Italy with the Family Day 4: Poggio San Paola, Gaiole in Chianti

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June 27th 2014
Published: June 27th 2014
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Mark got up this morning, looked out the window and said, “It looks like the picture on the Contadina tomato paste can.” True that! Lovely!

We had joked with Paola and Simonetta last night about “ish” Breakfast, they said, was at 8:30 “ish.” We took the “ish” a little too literally and didn’t wander downstairs until after nine. We apologized and they said, “You’re on holiday. No worries for you.” Breakfast in Italy, Simonetta said, is always sweet. Today’s breakfast was bread and homemade jams (apricot, quince, plum and fig) and a lovely tart with a peach jam in it. It was the perfect start to a lovely day.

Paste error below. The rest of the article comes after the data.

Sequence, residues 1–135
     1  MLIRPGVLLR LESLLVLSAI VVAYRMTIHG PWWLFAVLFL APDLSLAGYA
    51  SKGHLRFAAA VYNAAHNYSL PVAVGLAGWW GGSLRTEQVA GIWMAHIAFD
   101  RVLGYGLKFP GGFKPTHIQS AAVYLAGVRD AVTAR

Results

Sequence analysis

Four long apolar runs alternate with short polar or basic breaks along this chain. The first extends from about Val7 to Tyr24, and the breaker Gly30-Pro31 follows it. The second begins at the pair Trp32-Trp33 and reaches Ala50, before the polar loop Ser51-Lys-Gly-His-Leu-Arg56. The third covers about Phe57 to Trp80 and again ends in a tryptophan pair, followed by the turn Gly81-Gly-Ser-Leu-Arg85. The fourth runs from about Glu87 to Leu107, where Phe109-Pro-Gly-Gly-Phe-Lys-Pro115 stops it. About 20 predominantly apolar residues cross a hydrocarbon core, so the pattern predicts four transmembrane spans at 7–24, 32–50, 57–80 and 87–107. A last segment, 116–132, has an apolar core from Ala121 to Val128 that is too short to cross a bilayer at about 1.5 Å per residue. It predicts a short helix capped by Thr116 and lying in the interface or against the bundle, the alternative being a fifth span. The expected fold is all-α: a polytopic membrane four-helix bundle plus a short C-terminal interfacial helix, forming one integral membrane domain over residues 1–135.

It turns out that the sisters do one-day lessons as well as lessons for people who are staying at the farm. There was supposed to be another man with us this morning but he had a problem so had rebooked for tomorrow. That mean the first cooking lesson was just us—fun! The lesson was with Paola who took us to the second kitchen down the stairs. On the way she told us a bit about the house—it was built in the 1200s and was a peasant house. Her parents bought it as a summer home because her mother loved the country and it has been in the family every since. The kitchen for the lessons was large and well set-up. The first thing we made was focaccia. She tasked Mark with this which turned out to be a great thing since bread is one of the things he is most familiar with making. This bread was made with both flour and potatoes since, she said, the potatoes help keep the bread moist. He riced the potatoes, mixed them with the flour, water, yeast and sugar and a little salt, kneaded the bread, sprinkled it with salt, oregano and halved cherry tomatoes. There was a scary moment when he cut his first tomato and Paola and I looked at each other and she said, “No fingers in the focaccia. I think I get you a cutting board.” He did a great job and kept saying, “This is fun!” While the bread was rising, we made a stuffed shells with a stuffing made from buffalo mozzarella, chopped olives and tuna. Next came the gelato base which I stirred up and Paola put in the gelato machine. After that was done, we sliced yellow and red bell peppers and layered them with breadcrumbs, olive oil and capers. By this time, the focaccia had risen a second time and we put that and the peppers in the oven. Paola handed off the stuffed peppers to her daughter to put in the oven upstairs. She then showed me how to butterfly a chicken breast and I did than and cut it into small pieces. Meanwhile, Mark was using a knife to peel garlic. Paola poured some olive oil in a pan, added some sage and the peeled garlic and I cooked that until it just began to brown. That, she said, was only to flavor the oil. I removed those things and then added the floured chicken pieces and cooked those until brown on both sides. Paola made a sauce out of olive oil, hot chili pepper and marsala wine. When the chicken was browned, we added it to the sauce to let it finish cooking. Dinner-complete! Paola was funny and conversational and a very good teacher. We had such a good time!